If IoT vendors should be held accountable and update their gadgets, they have to be given the option to do so. But if the device’s host tinkers with it, firmware upgrades might stall. In order to protect themselves from legal persecution, vendors need to state in contracts that they are determined to push security updates and you cannot interfere with it. Security can never be enforced by technology only – for a device located at the end user’s premises.

It is horrible scenario – and I am not sure if I refer to hacking or to proliferation of even more bureaucracy and over-regulation which should protect us from hacking but will add more hurdles for would-be start-ups that dare to sell hardware.

Theoretically a vendor should be able to separate the security-relevant features from nice-to-have updates. For example, in a similar way, in smart meters the functions used for metering (subject to metering law) should be separated from ‘features’ – the latter being subject to remote updates while the former must not. Sources told me that this is not an easy thing to achieve, at least not as easy as presented in the meters’ marketing brochure.

Linksys's Iconic Router

That iconic Linksys router – sold since more than 10 years (and a beloved test devices of mine). Still popular because you could use open source firmware. Something that new security policies might seek to prevent.

If hardware security cannot be regulated, there might be more regulation of internet traffic. Internet Service Providers could be held accountable to remove compromised devices from their networks, for example after having noticed the end user several times. Or smaller ISPs might be cut off by upstream providers. Somewhere in the chain of service providers we will have to deal with more monitoring and regulation, and in one way or other the playful days of the earlier internet (romanticized with hindsight, maybe) are over.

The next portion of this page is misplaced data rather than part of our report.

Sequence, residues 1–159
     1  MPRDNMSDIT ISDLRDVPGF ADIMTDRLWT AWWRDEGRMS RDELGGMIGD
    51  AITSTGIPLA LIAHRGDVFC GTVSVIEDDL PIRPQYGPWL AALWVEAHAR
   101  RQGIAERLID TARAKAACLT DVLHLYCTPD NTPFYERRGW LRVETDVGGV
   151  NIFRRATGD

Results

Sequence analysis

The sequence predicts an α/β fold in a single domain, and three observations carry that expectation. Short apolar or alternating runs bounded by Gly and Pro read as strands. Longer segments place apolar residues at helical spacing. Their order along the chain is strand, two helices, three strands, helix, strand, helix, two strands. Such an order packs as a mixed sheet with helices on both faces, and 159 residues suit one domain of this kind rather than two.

When I saw Krebs’ site going offline, I wondered what small business should do in general: His site is now DDoS-protected by Google’s Project Shield, a service offered to independent journalists and activists after his former pro-bono host could not deal with the load without affecting paying clients. So one of the Siren Servers I commented on critically so often came to rescue! A small provider will not be able to deal with such attacks.

WordPress.com should be well-protected, I guess. I wonder if we will all end up hosting our websites at such major providers only, or ‘blog’ directly to Facebook, Google, or LinkedIn (now part of Microsoft) to be safe. I had advised against self-hosting WordPress myself: If you miss security updates you might jeopardize not only your website, but also others using the same shared web host. If you live on a platform like WordPress dot com or Google, you will complain from time to time about limited options or feature updates you don’t like – but you don’t have to care about security. I compare this to avoiding legal issues as an artisan selling hand-made items via Amazon or the like, in contrast to having to update your own shop’s business logic after every change in international tax law.

I have no conclusion to offer. Whenever I read news these days – on technology, energy, IT, anything in between, The Future in general – I feel reminded of this tension: Between being an independent neutral netizen and being plugged in to an inescapable matrix, maybe beneficial but Borg-like nonetheless.